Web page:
Heartbroken.

  • Posts: 8
    14/01/2017  20:14

    Hello everyone, My dad died 12/12/16.A date that will be imprinted in my heart and mind forever. He was very poorly from May last year, but somehow we never truly were ready for those stomach renching words " passed away". I was "Daddies Girl" even though I'm a married 54 yr old.My mum is 81 and is full time carer for my 51 yr old brother who has Downs Syndrome. My mum is being so brave and stoic, but my brother is not fully understanding that he will never see his dad again.He cannot read or write, but in his own way he has written letters to my dad and left them around home.This breaks our hearts. For mine and my mums part we wanted my dad to have his wish and die at home, but medication masked the ugly fact that he had Sepsis, so as we hoped for a better outcome , thinking it was a drug related drowsiness we sent him to hospital He did verbally agree to go for the paramedics but I feel only did it for us. We saw him on the Sunday and believe he heard and saw us, but died at 11:00 am on the Monday. We were not with him and I hate this fact.I know the HCA on duty was with him at the end, but it should have been his family. I hate myself as I am an HCA and over the years have been there at the end for my patients. The grief is torment at times, and I know my mum misses him beyond words. How do we help my brother?.We are drip feeding the brutal truth to him when ever we can, and are getting him a kitten, to bring more life into the home, something my dad wanted aswell, but dads " darling boy" is struggling with harsh reality. Always With You Dad.xx.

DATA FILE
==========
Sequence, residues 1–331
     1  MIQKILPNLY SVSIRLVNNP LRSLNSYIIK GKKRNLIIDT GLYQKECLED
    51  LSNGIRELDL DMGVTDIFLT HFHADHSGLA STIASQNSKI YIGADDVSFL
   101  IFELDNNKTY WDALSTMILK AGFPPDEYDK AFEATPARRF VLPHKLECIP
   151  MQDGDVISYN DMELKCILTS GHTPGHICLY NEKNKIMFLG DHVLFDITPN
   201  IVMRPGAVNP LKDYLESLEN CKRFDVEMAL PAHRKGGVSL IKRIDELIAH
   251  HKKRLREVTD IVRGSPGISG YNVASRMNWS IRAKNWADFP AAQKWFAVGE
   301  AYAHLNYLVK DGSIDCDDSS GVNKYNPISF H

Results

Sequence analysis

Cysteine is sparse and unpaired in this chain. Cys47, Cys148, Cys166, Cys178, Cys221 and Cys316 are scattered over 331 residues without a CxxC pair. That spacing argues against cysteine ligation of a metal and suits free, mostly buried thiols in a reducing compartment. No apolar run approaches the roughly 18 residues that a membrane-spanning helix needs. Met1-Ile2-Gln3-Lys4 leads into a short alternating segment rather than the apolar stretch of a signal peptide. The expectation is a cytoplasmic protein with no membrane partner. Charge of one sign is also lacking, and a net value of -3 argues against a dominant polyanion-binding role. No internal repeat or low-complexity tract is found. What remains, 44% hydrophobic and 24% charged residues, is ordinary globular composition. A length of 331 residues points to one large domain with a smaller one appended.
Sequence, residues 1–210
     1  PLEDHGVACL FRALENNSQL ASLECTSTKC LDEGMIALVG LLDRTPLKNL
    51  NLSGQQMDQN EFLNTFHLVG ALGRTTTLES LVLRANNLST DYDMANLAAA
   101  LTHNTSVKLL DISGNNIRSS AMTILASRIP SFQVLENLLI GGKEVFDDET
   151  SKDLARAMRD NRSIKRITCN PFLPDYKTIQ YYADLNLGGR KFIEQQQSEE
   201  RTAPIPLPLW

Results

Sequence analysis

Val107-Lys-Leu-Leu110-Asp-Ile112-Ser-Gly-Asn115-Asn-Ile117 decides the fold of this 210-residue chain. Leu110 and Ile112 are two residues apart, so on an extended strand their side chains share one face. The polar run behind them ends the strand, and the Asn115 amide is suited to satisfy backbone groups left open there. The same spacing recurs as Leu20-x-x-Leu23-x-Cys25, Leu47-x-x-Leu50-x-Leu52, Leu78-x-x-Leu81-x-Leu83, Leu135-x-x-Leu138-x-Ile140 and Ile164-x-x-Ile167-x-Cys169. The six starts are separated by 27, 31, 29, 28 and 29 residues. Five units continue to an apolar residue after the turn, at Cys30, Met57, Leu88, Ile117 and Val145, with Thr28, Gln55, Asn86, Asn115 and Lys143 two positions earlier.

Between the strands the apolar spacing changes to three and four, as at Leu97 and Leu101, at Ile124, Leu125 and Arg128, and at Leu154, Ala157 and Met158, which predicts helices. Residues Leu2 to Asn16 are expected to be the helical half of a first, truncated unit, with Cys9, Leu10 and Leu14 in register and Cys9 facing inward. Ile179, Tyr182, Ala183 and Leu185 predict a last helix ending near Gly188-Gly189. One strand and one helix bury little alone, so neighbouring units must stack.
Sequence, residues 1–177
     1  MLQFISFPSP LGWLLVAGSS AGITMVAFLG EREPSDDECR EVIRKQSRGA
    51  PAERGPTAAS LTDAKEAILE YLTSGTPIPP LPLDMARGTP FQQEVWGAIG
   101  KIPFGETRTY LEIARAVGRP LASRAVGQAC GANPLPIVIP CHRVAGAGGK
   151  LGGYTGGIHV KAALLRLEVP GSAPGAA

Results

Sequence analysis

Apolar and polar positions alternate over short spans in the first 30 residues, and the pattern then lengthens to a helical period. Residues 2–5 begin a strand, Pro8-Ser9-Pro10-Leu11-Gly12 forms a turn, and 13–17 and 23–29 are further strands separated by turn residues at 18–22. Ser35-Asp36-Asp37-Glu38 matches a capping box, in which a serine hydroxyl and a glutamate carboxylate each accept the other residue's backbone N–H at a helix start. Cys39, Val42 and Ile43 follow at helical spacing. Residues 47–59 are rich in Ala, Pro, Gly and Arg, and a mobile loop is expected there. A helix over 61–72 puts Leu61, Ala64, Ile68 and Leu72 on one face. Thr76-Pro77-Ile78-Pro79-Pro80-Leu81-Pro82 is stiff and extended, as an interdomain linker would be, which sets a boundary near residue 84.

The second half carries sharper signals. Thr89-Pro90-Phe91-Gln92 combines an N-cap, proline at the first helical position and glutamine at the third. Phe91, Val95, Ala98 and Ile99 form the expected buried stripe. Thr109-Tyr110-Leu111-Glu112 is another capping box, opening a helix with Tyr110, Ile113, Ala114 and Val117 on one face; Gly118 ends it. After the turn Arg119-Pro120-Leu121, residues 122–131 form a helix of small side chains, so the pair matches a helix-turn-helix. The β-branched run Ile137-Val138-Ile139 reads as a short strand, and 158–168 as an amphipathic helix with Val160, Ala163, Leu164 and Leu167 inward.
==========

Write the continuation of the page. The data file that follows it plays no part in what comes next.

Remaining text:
• Posts: 112
    19/01/2017  08:39

    Hi Debs,

     

    I am so sorry to read of the recent death of your father. Grief can be so overwhelming for us all to comprehend but it can be even harder for somebody with a learning disability. It is important to speak to your brother in a way that he can understand but to carry on as you are using the correct words even if they sound brutal to you. It is important that he finds a way to express his grief, so the letters he is writing may be his way of expressing his sadness. Now you say your brother cannot read or write, but don’t say what his general level of understanding is.  I have spoken to families with Down’s syndrome adults in the past that have said that some of the literature aimed at children has helped them to understand. There are really good short booklets which explain the dying process here: http://www.mcpcil.org.uk/service-innovation-and-improvement-division/publications.aspx. Perhaps you and your mum could look to see if you feel they would help. I have also found a specific fact sheet on Down’s syndrome Association which is linked here: http://www.downs-syndrome.org.uk/download-package/bereavement/

     

    Many people find it helpful to talk, and this could benefit you and your mum as well as your brother. If you would like to talk to us on the Support Line we are here Monday- Friday from 08:00am - 18:00pm T. 0800 090 2309. I have included a link to our support directories which will signpost you to many agencies which may be able to help you: https://www.mariecurie.org.uk/help/support-directory/bereavement-support.